• Nearly half of children (45 per cent) across 14 countries do not trust their adults and world leaders to make good decisions for children. Brazil has the highest proportion of children (81 per cent) who do not trust leaders, followed by South Africa at 69 per cent. Children in India have the most confidence in their leaders, with only 30 per cent not trusting.
• Watching TV featured as the number one hobby of choice in 7 out of 14 of the countries.
World Children’s Day is a day ‘for children, by children’, when children from around the world will be taking over key roles in media, politics, business, sport and entertainment to express their concerns about what global leaders should be focusing on, and to voice support for the millions of their peers who are facing a less hopeful future.
“World Children’s Day is about listening to us and giving us a say in our future. And our message is clear: We need to speak up for ourselves, and when we do, the world needs to listen,” said Jaden Michael, 14-year-old activist and UNICEF child advocate.
# The 37 countries in which prospects for children are declining in at least one key respect are: Benin, Bolivia, Cameroon, Central African Republic, Comoros, Côte d''Ivoire, Djibouti, Equatorial Guinea, Eritrea, Guatemala, Guyana, Guinea-Bissau, Jordan, Iraq, Kiribati, Lebanon, Liberia, Libya, Madagascar, Mali, Marshall Islands, Micronesia, Palau, Paraguay, Republic of Moldova, Romania, Saint Kitts and Nevis, Solomon Islands, South Sudan, Syrian Arab Republic, Tonga, United Republic of Tanzania, Ukraine, Vanuatu. Yemen, Zambia and Zimbabwe.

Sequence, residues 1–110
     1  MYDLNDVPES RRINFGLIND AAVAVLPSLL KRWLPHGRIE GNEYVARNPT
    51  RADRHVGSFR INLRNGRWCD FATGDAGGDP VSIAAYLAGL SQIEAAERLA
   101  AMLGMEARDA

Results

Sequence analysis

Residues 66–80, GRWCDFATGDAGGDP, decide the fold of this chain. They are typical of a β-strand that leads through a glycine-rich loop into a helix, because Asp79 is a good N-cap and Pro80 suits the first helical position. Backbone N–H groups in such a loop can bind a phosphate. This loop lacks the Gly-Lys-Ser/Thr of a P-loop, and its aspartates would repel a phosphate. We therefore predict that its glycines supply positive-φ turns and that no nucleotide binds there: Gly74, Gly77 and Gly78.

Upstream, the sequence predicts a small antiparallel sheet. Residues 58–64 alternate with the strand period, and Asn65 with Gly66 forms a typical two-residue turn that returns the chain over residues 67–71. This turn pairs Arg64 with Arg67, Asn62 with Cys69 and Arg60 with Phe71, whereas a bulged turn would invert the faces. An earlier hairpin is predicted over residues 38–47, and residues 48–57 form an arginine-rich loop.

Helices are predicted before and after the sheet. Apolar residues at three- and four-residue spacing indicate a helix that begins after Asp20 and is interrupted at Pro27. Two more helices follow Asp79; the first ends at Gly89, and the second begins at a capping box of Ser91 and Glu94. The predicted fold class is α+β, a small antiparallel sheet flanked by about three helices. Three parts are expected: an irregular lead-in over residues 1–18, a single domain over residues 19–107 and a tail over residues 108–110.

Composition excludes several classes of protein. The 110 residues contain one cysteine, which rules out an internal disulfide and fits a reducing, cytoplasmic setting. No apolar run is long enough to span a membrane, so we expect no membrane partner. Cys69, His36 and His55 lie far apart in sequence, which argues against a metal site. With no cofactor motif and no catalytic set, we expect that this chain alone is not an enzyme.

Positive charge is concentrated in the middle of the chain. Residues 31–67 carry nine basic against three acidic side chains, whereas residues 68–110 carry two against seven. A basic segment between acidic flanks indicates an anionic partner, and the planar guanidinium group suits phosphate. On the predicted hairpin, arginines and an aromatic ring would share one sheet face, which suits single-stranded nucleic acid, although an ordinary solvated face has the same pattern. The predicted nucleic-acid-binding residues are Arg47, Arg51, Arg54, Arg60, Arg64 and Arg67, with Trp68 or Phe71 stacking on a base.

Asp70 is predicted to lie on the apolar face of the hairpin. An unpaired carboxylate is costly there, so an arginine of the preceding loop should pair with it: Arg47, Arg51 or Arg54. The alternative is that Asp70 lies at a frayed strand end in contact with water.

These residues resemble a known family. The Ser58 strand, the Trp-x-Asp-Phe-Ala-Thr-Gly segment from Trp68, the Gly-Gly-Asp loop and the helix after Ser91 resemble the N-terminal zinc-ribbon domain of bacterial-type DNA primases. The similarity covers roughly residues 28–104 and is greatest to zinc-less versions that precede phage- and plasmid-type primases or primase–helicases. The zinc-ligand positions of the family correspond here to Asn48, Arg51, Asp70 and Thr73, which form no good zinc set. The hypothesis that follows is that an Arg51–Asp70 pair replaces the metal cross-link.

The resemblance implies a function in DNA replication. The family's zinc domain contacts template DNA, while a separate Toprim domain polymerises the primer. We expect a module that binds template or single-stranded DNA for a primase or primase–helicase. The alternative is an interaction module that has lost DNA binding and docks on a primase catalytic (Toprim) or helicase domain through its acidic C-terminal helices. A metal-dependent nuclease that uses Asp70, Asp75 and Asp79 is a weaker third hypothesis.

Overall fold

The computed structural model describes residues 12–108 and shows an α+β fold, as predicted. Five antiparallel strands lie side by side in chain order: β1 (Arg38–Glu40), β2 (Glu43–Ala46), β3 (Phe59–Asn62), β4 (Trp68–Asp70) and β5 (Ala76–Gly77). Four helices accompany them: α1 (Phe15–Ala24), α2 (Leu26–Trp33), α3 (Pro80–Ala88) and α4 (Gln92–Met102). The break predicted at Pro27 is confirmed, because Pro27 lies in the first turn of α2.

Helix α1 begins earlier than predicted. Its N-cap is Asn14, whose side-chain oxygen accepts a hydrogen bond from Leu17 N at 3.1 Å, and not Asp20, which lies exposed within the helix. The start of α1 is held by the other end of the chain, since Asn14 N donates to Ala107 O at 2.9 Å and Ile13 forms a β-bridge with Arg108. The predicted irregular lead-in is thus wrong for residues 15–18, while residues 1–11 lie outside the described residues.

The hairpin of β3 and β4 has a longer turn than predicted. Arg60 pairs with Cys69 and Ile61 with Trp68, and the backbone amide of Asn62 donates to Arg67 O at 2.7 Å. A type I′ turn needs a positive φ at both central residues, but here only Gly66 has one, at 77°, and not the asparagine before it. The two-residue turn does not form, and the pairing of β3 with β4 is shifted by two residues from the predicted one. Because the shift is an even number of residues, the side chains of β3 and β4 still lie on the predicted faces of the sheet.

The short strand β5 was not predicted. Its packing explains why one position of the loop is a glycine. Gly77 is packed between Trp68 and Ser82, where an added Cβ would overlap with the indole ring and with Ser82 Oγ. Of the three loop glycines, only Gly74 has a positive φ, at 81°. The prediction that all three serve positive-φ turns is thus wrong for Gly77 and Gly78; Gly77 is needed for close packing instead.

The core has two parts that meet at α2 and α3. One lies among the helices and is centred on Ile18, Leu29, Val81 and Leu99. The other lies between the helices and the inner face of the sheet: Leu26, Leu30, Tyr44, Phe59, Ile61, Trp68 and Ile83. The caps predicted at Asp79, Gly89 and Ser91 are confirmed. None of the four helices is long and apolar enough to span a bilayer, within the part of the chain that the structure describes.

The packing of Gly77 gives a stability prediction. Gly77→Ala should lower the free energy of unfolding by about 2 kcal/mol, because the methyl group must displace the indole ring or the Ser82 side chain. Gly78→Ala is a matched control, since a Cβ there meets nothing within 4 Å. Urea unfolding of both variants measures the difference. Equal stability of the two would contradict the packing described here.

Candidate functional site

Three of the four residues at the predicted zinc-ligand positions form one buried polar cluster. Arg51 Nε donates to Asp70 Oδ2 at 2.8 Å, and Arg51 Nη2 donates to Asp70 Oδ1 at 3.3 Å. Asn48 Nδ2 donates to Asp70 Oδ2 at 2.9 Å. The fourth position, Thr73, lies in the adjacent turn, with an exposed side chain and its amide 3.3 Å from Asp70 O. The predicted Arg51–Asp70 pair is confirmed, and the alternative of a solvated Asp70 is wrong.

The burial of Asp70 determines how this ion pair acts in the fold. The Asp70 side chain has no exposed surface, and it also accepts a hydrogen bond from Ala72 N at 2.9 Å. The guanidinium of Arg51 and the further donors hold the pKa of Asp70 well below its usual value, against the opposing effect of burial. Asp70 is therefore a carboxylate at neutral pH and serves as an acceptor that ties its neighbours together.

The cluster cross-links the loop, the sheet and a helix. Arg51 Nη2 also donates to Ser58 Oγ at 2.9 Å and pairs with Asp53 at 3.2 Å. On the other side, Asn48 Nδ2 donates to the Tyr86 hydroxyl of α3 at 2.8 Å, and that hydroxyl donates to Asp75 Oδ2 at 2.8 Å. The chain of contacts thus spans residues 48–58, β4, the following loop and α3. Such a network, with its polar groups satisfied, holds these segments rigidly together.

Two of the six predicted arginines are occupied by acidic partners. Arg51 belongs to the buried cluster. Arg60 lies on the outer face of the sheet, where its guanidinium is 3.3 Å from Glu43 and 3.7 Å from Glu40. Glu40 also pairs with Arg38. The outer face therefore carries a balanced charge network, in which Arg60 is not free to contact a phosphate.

For the survey, UNICEF polled more than 11,000 children aged between 9 and 18 years old in 14 countries about their concerns and attitudes on global issues including bullying, conflict/war, poverty, terrorism and violence against children. The countries surveyed were: Brazil, India, Japan, Kenya, Malaysia, Mexico, the Netherlands, New Zealand, Nigeria, Egypt, South Africa, Turkey, the United Kingdom and the United States.
Destructive impact of conflict on education highlighted in four-country African youth survey.
Unsafe or damaged schools, absent teachers and dangerous journeys to class are among the destructive ways that conflict is impacting the learning prospects of young Africans according to a new UNICEF survey carried out in four countries.
Based on polling among 128,000 young people in Central African Republic (CAR), Uganda, Chad and Nigeria, the survey findings were presented at a special dialogue event in Brussels ahead of the forthcoming African Union – EU Summit. The event was organised by UNICEF and the European Commission Directorate-General for European Civil Protection and Humanitarian Aid Operations.